?We create communication boards with pictures so they can tap on the images to help better communicate their needs,? said DeCosta.
At Life Skills-Westside, Ina Martin, who supervises program activities, primarily uses sign language.
?We use sign language because a lot of the participants are autistic,? said Martin. ?It has really helped us to break through in communicating with a lot of them.?
The staff provides a comfortable learning environment for the participants. Because there are fewer participants in the Life Skills program, it makes it easier to create a one-to-one atmosphere between participants and staff members.
?I love the individuals, I love coming to work,? said Martin.? ?Even though I do the same thing every day, the individuals help make the experience different every day.?
Much of the staff feels their greatest reward is in what they?re able to give to the participants.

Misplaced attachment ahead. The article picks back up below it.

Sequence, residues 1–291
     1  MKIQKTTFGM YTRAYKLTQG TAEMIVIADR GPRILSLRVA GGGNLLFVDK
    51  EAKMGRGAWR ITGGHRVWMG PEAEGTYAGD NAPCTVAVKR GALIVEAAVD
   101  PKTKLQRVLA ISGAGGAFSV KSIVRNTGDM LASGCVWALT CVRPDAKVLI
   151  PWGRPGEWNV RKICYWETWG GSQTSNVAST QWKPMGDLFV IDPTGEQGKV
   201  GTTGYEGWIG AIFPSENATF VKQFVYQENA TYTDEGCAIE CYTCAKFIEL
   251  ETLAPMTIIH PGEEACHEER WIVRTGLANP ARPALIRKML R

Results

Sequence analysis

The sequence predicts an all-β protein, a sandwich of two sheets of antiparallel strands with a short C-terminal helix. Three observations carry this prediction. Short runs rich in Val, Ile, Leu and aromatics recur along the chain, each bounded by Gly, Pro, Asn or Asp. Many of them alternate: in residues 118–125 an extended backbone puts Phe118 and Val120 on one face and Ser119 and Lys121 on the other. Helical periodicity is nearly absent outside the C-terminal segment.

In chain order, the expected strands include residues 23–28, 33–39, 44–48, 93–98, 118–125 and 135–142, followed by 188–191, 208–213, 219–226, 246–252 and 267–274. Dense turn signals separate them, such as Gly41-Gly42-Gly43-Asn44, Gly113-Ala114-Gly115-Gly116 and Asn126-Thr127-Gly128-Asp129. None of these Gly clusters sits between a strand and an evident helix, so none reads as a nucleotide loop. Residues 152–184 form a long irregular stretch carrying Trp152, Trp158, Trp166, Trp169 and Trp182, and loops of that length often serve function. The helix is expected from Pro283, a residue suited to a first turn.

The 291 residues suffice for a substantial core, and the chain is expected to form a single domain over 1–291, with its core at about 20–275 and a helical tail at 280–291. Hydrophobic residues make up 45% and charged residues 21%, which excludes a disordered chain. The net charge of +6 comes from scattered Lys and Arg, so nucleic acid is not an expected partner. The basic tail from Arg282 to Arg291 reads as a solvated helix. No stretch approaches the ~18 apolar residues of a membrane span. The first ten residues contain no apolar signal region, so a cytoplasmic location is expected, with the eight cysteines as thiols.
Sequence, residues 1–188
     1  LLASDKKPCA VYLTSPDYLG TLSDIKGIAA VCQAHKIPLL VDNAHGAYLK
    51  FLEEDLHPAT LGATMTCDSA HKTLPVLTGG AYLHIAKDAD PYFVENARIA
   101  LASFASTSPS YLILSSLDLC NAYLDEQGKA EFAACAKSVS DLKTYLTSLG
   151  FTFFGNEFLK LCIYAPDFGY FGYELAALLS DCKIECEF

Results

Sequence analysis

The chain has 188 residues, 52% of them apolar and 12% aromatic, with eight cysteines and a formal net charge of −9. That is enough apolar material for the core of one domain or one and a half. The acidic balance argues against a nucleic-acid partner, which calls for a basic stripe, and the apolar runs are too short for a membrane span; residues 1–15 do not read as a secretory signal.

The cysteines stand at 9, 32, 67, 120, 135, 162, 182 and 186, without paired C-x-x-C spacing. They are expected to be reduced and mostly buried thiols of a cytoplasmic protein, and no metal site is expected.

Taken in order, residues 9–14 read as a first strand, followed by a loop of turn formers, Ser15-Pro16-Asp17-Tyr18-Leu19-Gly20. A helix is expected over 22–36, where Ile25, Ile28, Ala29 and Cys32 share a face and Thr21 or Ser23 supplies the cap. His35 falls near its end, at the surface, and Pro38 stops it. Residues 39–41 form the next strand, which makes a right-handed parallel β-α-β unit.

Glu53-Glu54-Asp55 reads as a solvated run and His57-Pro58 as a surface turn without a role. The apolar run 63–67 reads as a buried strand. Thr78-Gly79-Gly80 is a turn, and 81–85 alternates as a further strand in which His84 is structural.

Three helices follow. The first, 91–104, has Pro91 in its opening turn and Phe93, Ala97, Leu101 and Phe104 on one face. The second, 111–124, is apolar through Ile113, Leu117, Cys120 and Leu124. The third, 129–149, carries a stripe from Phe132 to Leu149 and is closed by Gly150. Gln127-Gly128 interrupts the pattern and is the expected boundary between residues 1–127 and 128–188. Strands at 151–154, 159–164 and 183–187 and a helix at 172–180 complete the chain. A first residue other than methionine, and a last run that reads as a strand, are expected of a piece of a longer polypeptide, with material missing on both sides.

?To see participant?s progress is the best feeling in the world [and] knowing that you were a part of that,? said Williams.
Grace Murray, who also works in Life Skills-Downtown, enjoys helping contribute to the participants? growth. ?What I like about Life Skills is teaching participants things they didn?t know and watching them excel,? she said.
Over the years DeCosta has come to appreciate the ability to help others. ?It?s a good feeling to know that they?ve grown,? she said. ?When a person has the right tools they?re able to communicate better and reach their goals.?
Life Skills is a growth experience for the staff as well. Working in the program has helped the staff improve their own communication skills.
?While we teach, we learn from them,? said Markita Williams.
?I?ve learned that in Life Skills, this is a place of new adventures,? said Murray. ?I love the challenges I have to deal with on a daily basis and Life Skills is the place to be if you ask me.?
Written by: Alexandra McClain, AmeriCorps Development VISTA